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Investment firm KKR confirmed on Tuesday it would buy BMC Software from owners including Bain Capital and Golden Gate Capital, adding to a series of bets it has made on companies which provide software and IT systems for corporations.
Houston-based BMC, which provides software that helps companies organize their tech support functions, was taken private for $6.9 billion in 2013 by a group led by Bain and Golden Gate, after pressure from activist hedge fund Elliott Management Corp.
The New York Post reported last week that BMC could be worth around $10 billion, citing a single source familiar with the deal. The statement on Tuesday gave no indication of the deal value.
The acquisition comes at a time when software companies are reorienting themselves to focus on higher-margin businesses such as cloud-computing, cyber-security and data analytics to counter a slowdown in their legacy businesses.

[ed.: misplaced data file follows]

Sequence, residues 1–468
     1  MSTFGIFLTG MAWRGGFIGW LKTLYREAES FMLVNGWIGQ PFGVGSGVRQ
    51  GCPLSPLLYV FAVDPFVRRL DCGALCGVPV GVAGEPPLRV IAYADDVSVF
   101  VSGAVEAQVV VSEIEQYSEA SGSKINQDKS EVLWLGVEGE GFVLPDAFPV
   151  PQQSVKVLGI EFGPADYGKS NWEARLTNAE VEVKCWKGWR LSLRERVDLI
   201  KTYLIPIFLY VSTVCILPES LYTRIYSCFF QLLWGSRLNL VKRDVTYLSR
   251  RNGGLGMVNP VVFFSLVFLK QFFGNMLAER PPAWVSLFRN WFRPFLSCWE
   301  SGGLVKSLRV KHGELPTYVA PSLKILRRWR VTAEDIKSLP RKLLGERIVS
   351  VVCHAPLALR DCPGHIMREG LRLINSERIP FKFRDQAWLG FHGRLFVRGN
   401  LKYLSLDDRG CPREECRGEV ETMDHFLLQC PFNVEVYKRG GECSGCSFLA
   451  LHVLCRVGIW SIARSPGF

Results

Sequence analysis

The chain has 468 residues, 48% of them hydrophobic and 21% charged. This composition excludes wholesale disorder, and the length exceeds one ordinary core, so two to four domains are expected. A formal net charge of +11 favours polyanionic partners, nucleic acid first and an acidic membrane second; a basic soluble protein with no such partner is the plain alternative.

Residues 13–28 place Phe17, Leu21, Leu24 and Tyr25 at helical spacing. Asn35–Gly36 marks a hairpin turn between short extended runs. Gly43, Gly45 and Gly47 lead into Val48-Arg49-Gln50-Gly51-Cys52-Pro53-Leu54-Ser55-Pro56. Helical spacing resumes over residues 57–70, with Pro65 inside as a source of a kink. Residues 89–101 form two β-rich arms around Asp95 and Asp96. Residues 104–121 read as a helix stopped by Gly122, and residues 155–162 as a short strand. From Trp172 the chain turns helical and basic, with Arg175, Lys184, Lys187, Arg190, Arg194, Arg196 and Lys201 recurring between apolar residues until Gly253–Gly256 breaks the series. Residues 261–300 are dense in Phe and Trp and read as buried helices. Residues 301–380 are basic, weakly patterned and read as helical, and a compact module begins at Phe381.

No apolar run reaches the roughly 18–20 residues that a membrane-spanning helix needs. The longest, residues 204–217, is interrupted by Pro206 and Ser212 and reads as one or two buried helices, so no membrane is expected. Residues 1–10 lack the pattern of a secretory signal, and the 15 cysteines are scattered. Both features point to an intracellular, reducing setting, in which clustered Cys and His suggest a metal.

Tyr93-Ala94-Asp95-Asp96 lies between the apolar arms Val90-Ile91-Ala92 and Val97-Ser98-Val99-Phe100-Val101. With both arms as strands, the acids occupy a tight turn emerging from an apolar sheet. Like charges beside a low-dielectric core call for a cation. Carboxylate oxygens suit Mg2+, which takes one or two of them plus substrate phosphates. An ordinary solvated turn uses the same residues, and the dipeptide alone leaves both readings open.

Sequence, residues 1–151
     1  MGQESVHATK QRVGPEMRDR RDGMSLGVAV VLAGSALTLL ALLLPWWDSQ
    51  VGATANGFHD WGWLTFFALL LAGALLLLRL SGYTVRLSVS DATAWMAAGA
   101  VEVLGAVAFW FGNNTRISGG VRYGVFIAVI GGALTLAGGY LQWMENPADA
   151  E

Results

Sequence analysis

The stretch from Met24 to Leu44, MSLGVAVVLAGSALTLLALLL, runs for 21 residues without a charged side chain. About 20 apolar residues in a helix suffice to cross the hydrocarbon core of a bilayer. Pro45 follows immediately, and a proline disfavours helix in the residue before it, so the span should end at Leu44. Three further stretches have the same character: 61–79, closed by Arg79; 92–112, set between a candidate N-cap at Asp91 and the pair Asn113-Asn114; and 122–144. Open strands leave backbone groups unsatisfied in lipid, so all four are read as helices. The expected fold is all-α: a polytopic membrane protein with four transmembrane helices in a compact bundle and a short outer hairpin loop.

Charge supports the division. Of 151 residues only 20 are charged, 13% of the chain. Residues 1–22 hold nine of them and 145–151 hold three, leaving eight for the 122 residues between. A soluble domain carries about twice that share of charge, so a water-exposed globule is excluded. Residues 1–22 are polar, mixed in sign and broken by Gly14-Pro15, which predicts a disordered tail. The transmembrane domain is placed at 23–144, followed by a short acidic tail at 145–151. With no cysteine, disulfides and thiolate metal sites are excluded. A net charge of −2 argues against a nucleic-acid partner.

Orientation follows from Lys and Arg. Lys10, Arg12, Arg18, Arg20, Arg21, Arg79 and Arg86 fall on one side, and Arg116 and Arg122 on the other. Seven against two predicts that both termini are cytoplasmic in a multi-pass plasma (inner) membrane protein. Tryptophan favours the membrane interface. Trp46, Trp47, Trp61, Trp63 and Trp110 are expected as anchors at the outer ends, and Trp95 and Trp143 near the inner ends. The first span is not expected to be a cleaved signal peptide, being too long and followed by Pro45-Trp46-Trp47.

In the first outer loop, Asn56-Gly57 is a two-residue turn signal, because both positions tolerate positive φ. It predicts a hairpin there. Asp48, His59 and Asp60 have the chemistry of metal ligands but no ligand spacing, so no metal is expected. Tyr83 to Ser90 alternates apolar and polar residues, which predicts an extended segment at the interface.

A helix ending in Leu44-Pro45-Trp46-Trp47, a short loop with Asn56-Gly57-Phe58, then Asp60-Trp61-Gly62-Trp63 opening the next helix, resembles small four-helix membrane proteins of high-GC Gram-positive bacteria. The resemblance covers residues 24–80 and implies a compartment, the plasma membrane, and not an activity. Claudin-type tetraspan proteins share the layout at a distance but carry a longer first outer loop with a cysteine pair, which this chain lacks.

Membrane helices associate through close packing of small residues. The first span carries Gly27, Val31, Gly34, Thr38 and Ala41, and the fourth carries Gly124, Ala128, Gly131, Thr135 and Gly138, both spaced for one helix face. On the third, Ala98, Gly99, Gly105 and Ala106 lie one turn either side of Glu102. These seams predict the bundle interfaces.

The S&P 500 software index of 16 large U.S. software vendors has climbed some 75 percent over the past two years. In 2018 alone, it has gained 15.8 percent, eclipsing the benchmark S&P 500’s 1.8 percent advance.
KKR has invested about $26 billion in the technology sector over the past decade, and BMC will join a portfolio that includes Mitchell, Epicor and Calabrio – all firms that make software used by businesses.
The deal comes after BMC explored both an initial public offering that would have valued the company at more than $10 billion as well as a merger with fellow software maker CA, Reuters has reported.
The merger talks fell through in July last year after BMC struggled to arrange financing for the deal, sources told Reuters.
KKR’s acquisition is expected to close in the third quarter of 2018.
Credit Suisse, Goldman Sachs, Jefferies, Macquarie and Mizuho Bank provided financing for the acquisition.
Goldman Sachs, Credit Suisse and Morgan Stanley were BMC’s financial advisers, while Macquarie Capital advised KKR.